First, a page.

Why do packaged foods have the flavors they do? Years of market research, focus groups, and food engineering is the short answer. Food innovation has long been a recession-proof growth industry, always trying to meet the tastes and needs of new consumers—or in other words, expanding market share.
While the Michael Pollans of food advocacy have emphasized food that’s local and organically produced, companies like PepsiCo have worked on broader goals: making enough food for a growing population, making it last longer on a shelf and ship further distances (and in some cases, even be healthier for you). Not to mention create new foods that people demand.
You’ll want to keep an eye for Frito-Lay’s latest creation, hitting store shelves next week. After the company (which is owned by Pepsi) asked consumers to choose its next flavor, the ideas poured in. The finalists? Starting next week, stores nationwide will stock three new flavors: cheesy garlic bread, chicken and waffles, and sriracha, the hot chili sauce native to Thailand. The three finalists can give you an idea of just how zany the other ideas must have been.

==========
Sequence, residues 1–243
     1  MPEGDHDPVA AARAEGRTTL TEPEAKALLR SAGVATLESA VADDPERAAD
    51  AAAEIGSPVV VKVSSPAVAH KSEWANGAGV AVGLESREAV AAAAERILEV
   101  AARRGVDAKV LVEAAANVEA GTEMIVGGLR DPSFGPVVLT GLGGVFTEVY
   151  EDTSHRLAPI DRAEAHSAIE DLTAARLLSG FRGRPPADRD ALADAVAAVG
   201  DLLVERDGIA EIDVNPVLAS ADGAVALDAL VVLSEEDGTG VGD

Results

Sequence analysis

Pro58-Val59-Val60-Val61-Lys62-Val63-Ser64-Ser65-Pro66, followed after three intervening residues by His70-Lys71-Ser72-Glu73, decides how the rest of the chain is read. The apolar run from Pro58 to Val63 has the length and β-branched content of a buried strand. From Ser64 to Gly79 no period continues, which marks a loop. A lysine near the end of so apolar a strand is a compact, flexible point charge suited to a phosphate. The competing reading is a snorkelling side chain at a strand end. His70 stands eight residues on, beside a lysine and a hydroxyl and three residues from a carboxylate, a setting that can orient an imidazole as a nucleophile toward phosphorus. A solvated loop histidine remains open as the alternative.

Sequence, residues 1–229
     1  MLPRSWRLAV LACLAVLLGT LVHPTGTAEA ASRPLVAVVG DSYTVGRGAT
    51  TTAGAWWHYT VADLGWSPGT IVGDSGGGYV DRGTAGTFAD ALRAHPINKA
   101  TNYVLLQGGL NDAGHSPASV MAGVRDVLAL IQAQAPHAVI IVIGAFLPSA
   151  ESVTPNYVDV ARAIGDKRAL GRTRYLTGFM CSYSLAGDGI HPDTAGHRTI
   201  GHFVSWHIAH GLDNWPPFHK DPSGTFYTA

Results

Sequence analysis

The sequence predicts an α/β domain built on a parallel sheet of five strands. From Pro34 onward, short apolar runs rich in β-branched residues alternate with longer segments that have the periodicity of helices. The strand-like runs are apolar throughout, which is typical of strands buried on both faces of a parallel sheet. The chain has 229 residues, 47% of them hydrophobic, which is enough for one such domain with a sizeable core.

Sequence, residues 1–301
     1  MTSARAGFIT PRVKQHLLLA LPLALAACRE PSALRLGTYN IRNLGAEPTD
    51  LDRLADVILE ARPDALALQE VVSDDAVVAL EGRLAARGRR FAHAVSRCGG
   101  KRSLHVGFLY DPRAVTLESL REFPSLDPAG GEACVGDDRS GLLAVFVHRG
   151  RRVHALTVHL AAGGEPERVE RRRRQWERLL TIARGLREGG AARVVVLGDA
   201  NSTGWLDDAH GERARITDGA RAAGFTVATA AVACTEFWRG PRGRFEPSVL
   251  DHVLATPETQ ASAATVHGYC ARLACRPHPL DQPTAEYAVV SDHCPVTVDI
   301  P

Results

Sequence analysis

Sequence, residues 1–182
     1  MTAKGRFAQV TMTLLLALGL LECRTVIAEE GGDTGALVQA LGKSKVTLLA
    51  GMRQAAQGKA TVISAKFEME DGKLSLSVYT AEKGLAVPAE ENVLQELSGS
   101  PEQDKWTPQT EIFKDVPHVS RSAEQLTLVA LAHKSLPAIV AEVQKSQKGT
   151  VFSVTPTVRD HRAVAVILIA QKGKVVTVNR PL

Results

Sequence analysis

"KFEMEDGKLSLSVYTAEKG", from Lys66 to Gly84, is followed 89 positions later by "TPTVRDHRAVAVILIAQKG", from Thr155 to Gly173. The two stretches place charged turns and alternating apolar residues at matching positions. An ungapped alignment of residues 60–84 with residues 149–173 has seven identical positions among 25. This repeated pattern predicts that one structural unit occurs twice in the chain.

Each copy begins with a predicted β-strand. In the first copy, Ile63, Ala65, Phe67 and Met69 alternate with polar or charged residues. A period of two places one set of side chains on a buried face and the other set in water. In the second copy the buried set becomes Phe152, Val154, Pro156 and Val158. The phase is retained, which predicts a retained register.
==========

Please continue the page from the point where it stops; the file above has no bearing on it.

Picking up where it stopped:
Not all of them will stick around. Chris Kuechenmeister, public affairs director for Frito-Lay North America, says that after consumers vote—with their taste buds—the winner will become a longer-term flavor. In the spirit of food democracy, may the best flavor win. One of them, however, sticks out. Anyone who enjoys chicken and waffles and potato chips will soon find out how they all taste together.